4. Eyebright herb: I'm not going to go to a holistic practitioner quite yet, but I am going to seek out some of this herb and see if it makes my baby blues (or greens, or whatever) bright again.

5. Alcohol + Makeup = Fun (this is an undisputable mathematical equation): I've been working too hard, too long. As soon as I hand in my second draft and McClung's is sent to the printers, I'm throwing caution to the wind, eyes be damned! Who cares if I wake up with pus oozing down my face if it means I can have an awesome night out?

(This all seems vaguely familiar. Am I starting to repeat myself? But if it worked then, it will work now.)

Thursday, December 06, 2007

The Evil Eye(s)

Eye Update Time!

I get asked two questions on a near-daily basis. Half of the time they're prompted out of genuine sympathy, and the other half of the time they're due to my self-deluded belief that people are genuinely interested in other people's ailments:*

"How are your eyes?"

"You still have an eye infection? I thought that was gone?"

(The latter question is usually said with a note a disbelief that is reserved for hypochrondriacs and those who don't aim to actually cure their ailments because they prefer to complain about them.)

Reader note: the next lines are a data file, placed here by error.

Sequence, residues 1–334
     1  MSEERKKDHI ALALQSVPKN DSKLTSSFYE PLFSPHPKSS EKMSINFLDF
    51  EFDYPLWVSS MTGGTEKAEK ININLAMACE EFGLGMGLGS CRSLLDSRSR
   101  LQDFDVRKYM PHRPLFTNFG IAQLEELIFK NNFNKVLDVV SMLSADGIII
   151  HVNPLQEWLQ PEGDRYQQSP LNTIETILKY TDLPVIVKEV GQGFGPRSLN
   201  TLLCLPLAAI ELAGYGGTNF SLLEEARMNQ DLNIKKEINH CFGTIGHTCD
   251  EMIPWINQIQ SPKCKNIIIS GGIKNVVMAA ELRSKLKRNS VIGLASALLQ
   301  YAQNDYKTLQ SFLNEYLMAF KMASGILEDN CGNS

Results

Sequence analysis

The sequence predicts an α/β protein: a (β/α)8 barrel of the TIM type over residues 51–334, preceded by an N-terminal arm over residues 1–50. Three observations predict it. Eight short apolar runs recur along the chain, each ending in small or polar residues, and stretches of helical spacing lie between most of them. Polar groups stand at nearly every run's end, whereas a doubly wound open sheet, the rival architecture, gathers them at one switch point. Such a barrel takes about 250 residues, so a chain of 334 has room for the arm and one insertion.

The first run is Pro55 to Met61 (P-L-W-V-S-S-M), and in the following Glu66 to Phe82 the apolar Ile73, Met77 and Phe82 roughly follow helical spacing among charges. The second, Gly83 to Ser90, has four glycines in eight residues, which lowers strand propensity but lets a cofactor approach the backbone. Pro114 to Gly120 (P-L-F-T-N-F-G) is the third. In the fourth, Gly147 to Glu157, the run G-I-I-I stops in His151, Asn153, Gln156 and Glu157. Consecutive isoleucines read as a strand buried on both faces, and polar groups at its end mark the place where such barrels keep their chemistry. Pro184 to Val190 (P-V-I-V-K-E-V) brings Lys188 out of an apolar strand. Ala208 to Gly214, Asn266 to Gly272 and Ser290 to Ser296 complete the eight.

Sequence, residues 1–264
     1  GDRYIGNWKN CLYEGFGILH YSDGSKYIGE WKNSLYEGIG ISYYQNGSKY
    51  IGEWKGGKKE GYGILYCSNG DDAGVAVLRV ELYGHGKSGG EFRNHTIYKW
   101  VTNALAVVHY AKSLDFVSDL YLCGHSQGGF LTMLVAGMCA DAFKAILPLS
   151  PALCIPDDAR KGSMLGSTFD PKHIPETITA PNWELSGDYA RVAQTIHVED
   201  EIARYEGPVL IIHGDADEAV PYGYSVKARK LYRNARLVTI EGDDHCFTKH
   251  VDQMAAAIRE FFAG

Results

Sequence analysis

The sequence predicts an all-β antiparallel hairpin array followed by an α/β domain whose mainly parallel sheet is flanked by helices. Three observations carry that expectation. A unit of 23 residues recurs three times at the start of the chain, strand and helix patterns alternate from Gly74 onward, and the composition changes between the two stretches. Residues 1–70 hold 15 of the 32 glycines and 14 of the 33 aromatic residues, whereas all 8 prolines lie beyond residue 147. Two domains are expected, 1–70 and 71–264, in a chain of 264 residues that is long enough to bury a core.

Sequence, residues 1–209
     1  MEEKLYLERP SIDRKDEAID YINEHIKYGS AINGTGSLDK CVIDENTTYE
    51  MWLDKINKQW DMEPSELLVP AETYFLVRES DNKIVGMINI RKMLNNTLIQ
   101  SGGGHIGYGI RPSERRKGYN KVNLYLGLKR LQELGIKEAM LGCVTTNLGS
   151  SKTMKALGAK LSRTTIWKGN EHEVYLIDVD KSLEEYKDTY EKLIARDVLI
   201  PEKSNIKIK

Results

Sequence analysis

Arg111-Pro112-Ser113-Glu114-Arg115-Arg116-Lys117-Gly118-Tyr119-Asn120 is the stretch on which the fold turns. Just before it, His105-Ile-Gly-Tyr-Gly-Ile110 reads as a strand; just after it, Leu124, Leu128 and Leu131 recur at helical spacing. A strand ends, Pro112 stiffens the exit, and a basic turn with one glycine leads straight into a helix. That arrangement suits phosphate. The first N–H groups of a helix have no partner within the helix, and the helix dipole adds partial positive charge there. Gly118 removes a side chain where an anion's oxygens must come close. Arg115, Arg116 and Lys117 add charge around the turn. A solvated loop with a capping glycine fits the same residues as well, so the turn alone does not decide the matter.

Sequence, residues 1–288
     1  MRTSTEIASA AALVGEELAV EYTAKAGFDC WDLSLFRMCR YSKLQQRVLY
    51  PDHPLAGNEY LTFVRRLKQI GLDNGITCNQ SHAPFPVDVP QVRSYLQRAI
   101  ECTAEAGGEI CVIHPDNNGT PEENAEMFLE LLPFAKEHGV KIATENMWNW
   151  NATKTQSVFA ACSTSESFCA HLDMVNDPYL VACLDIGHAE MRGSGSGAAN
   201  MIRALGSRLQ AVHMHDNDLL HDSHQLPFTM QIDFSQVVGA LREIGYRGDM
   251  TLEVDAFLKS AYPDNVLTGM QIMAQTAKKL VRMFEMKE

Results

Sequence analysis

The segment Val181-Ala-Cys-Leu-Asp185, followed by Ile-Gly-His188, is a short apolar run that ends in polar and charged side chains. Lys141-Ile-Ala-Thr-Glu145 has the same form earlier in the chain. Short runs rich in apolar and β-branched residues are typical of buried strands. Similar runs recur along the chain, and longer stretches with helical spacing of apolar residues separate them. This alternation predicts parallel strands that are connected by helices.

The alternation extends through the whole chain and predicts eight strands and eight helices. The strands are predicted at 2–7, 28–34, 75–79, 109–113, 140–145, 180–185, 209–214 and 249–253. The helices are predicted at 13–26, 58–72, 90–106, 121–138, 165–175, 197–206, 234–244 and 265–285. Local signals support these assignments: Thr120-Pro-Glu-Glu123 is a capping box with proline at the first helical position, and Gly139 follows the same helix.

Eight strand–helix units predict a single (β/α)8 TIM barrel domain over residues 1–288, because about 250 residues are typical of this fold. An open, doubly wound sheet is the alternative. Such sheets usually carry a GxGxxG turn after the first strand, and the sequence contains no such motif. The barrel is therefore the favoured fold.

The answer? Yes, the eye infection is still kicking. Every morning I wake up to discharge and have to clean out my eyes. It's fun.

Every night I inspect my eyes to see if they're getting better. They're not. (I really encourage you to click on the photo and check out the high-res version. You can see every last capillary in my eye, which is kind of cool, if you're into that kind of thing. I would be--if it wasn't my own eyes.)

I'm going to the eye doctor again tomorrow. He told me, "It will probably clear up in another 2 or 3 weeks." That was 9 weeks ago. I'm glad I'm paying for this kind of quality medical advice.**

All I want for Christmas is to go home pus-free and clear-eyed. Is that too much to ask?


*Which nobody is, really. Unless it's scabies, a curable STI with a humorous story attached or a parasitic infection.

Things people don't like discussing: incurable STIs, mental illness and mystery eye infections that don't really have any negative sympathy-worthy symptoms or consequences apart from preventing the inflicted from partying, staying up late and wearing makeup.